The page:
If youâ€™ve ever fantasized about coaching a high school baseball team to glory, then this is the perfect game for you. In your very own pixel art Bad News Bears, Kairosoft has given you the opportunity of a lifetime to bring a ragtag bunch of misfits from the bottom of the pack to tournament glory.
As coach, you donâ€™t get to jump into the action of the games themselves (though if action is what youâ€™re looking for thereâ€™s no shortage of options with both MLB Perfect Inning Live and MLB Tap Sports Baseball 2017Â available), but you do get to shout instructions from the sidelines. The extent to which your players listen to you varies, just like with real teenagers, but itâ€™s the effort that counts.
Your role doesnâ€™t stop in the dugout at game time. On a day-to-day basis, youâ€™re responsible for planning team practices and special drills for individual players. Never forgetting that these are student athletes, you need to build a dynasty while making sure that you donâ€™t tire the players out too badly, leave them enough time to study and emphasize the importance of going to class. Itâ€™s a delicate balancing act. As a simulation game, Home Run High also rewards the patient. The harder you try to rush things along, the slower your actual progress will be.
One issue with the Home Run High is the way time works. There seems to have been some confusion between months and days in the design of the game. In many ways â€˜monthsâ€™ in game time act similar to days (roughly 24 hours in length, progression from day to night), though itâ€™s also possible to schedule multiple games for the same â€˜monthâ€™, something generally not possible for high school teams unless itâ€™s a formally organised tournament. Once you get used to it (admitting that thereâ€™s a certain willing suspension of disbelief), the game generally flows quite smoothly, though it can test your patience if youâ€™re the kind of person whoâ€™s motivated by instant (or even near-instant) gratification.
Anyone familiar with Kairosoft-style simulation games will know more or less what theyâ€™re getting themselves into, but newbies should be warned that even early in the tutorial stages, waiting up to a minute between instructions can feel a little arduous for the impatient. If this short wait is already stressing you out, youâ€™re going to want to do yourself a favor and choose to watch only the highlights of the teamâ€™s game. Sure you miss the fan cheer boost and the ability to call out instructions during the game, but it shaves 15 to 20 minutes off what is essentially watching and waiting time.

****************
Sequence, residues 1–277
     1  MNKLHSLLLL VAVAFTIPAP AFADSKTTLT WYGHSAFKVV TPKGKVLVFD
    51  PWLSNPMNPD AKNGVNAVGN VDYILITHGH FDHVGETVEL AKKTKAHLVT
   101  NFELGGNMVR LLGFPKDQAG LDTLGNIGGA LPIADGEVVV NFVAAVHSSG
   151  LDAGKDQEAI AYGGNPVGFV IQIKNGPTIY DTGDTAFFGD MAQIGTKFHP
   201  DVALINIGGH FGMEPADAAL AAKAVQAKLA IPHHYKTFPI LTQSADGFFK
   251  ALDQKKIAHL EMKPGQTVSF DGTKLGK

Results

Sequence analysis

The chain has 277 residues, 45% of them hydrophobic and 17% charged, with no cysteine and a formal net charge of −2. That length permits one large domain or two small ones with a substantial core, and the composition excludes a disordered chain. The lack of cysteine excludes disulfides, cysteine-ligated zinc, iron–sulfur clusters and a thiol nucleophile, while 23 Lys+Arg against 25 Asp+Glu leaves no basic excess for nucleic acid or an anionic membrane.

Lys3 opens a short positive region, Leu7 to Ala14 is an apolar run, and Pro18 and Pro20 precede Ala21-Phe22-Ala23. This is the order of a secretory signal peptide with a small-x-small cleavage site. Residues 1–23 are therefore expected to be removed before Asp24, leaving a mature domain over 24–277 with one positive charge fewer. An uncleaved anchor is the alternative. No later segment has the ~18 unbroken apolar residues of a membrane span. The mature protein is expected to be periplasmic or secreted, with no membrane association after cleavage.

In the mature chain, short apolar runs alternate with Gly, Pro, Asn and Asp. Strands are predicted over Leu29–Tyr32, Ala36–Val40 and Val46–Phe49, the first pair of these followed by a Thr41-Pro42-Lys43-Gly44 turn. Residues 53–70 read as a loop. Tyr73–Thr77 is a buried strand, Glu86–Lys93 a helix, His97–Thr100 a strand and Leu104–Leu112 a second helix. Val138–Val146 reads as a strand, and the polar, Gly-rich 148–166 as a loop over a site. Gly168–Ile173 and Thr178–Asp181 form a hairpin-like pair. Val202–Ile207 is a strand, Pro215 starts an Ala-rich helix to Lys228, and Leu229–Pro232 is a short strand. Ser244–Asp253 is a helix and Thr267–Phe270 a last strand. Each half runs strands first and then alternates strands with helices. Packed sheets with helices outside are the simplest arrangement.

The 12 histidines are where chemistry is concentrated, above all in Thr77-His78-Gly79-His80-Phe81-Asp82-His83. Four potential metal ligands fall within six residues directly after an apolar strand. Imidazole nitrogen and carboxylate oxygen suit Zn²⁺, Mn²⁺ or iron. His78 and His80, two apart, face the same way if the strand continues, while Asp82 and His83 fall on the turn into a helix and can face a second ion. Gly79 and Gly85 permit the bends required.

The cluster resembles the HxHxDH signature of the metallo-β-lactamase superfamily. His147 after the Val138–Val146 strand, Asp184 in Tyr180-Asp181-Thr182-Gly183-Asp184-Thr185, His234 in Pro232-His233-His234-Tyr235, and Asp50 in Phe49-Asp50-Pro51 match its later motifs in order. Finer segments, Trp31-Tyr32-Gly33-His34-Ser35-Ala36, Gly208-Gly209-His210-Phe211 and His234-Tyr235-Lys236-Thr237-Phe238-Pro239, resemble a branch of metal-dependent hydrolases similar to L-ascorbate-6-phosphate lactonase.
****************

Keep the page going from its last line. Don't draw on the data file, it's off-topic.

In the performance department, the game runs heavy, so if youâ€™ve got an older device you should probably expect some sluggishness. Newer devices bring better performance, though the game still really brings the heat (literally). Great if your hands are cold, probably not so great for your device. This isnâ€™t unusual when it comes to mobile games by any stretch, but might be something you want to consider when choosing the device(s) on which youâ€™ll install Home Run High.
The 16-bit graphics are solid. Theyâ€™re high-res enough to make the game workable (a baseball game where you canâ€™t ever see the ball is never great), but not so high-res that it surpasses what youâ€™d get from an early SNES outing. The music matches the gameâ€™s retro chic vibe, so if you love upbeat early-1990s MIDI tunes youâ€™ll be in heaven.
The game looks cool, sounds like highly-concentrated fun, and if you really like simulation games or just the idea of coaching potentially the worst high school baseball team ever, High School High will likely be something youâ€™ll enjoy. However if youâ€™re not someone that can really get behind the slow-sim dimension of the game, you might want to skip this one.